10 Things I Wish You Knew About Funerals

Funerals, Death, and Dying

Funerals may not be part of your Sunday family dinner conversation, but—having grown up with funerals in our family business—they have been part of mine for virtually my whole life. Couple that with my vocation as a Life-Cycle Celebrant, and I’ve learned a few things about good end-of-life ceremonies. Here are the top ten things that I wish you knew about funerals:

1.  It’s Not About Closure.

The poet Rumi wrote, “The wound is the place where the light enters you.” I think of funerals as “the light” and have to admit that I cringe a little every time I hear the word “closure” when used to describe the purpose of a funeral. While I’m not a grief expert, for me funerals are about opening and acceptance. While the wound may heal eventually, I believe the complicated feelings of loss cannot be contained and closed within a day.

2.  Cremation Does Not Mean “No Funeral.”

There is a tendency to think that just because cremation has been chosen, no funeral need take place. But cremation is not a funeral service option, it’s a disposition choice—just like earth burial—and offers many choices for meaningful and creative funerals. It shouldn’t replace a meaningful ceremony. (For more cremation ideas, read “It’s Time for Grandma to Come Out of the Closet.”)

3.  They Don’t Have To Break the Bank To Be Meaningful.

We’ve all heard the expression, “It’s the thought that counts,” and in the case of funerals especially, it couldn’t be truer. I’ve been to all kinds of funerals—expensive funerals that were not terribly meaningful and meaningful funerals that were not terribly expensive. Regardless of your budget—whether you’re popping vintage champagne or serving up your mother’s favourite earl gray tea—with a little creativity and thought, you can experience a memorable, healing and authentic funeral.

4.  Clapping Is Allowed.

Julia just sang her heart out in a beautiful tribute to her mother and heads back to her seat in silence while everyone in attendance feels awkward. Where did this silly rule that says we shouldn’t show our appreciation during funerals come from? Most people who engage me as a funeral Celebrant want their friends and family to feel comfortable, relaxed, and appreciated. So in my welcoming comments, I always give permission to clap. Funerals are about gratitude, so let’s put our hands together!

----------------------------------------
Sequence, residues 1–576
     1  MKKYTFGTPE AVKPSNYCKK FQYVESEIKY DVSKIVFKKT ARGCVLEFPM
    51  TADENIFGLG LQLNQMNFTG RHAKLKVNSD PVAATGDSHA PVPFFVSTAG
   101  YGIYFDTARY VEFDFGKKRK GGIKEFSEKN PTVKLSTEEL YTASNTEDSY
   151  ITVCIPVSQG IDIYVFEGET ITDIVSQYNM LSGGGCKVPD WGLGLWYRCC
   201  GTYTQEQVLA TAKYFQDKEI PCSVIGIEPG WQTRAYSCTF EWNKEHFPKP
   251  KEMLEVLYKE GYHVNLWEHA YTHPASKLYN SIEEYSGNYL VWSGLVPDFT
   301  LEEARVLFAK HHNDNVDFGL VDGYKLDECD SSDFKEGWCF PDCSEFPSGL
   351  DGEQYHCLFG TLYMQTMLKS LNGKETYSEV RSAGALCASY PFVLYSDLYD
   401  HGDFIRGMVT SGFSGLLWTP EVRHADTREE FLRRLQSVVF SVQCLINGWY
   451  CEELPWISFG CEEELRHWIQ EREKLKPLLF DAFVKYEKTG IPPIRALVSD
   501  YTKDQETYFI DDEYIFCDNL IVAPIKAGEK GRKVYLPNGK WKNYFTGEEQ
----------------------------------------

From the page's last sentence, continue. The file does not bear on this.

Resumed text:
5. They Don’t Have To Be Sad. But They Don’t Have To Be Happy Either. 

I hear it all the time: “We don’t want people to feel sad.” But sad is what we are supposed to feel when someone we care about dies—and trying to create a “happy funeral” is not always possible. That doesn’t mean the ceremony has to be somber or void of laughter and moments of joy. A good funeral provides space for all emotions to be felt, acknowledged, and expressed. To deny ourselves that safe space to feel sadness is to deny and diminish the value and purpose that funerals offer us as human beings. (See “Celebration of Life or Denial of Death?

6.  There Are No Rules.

“Can we really do that?” YES you can! Because when it comes to funerals, there are no rules and there is no right or wrong. What brings one individual solace may deliver despair to another. The best funerals are a true reflection of the life that has been lived. A good, authentic funeral can be modern or traditional, uplifting or solemn, casual or formal. It can have elements of lightness and laughter, singing and stories and, especially, applause.

7. It’s Not For The Person Who Died.

Your funeral should be about you, but it’s not for you. Please remember this before you ask your family to do nothing when you die because with this request, you could unknowingly be denying your family what they need after you’re gone. A funeral is not a gift we give ourselves, it’s a gift we give to those who love us. (For more on this, read “When I Die, Please Do Something.”)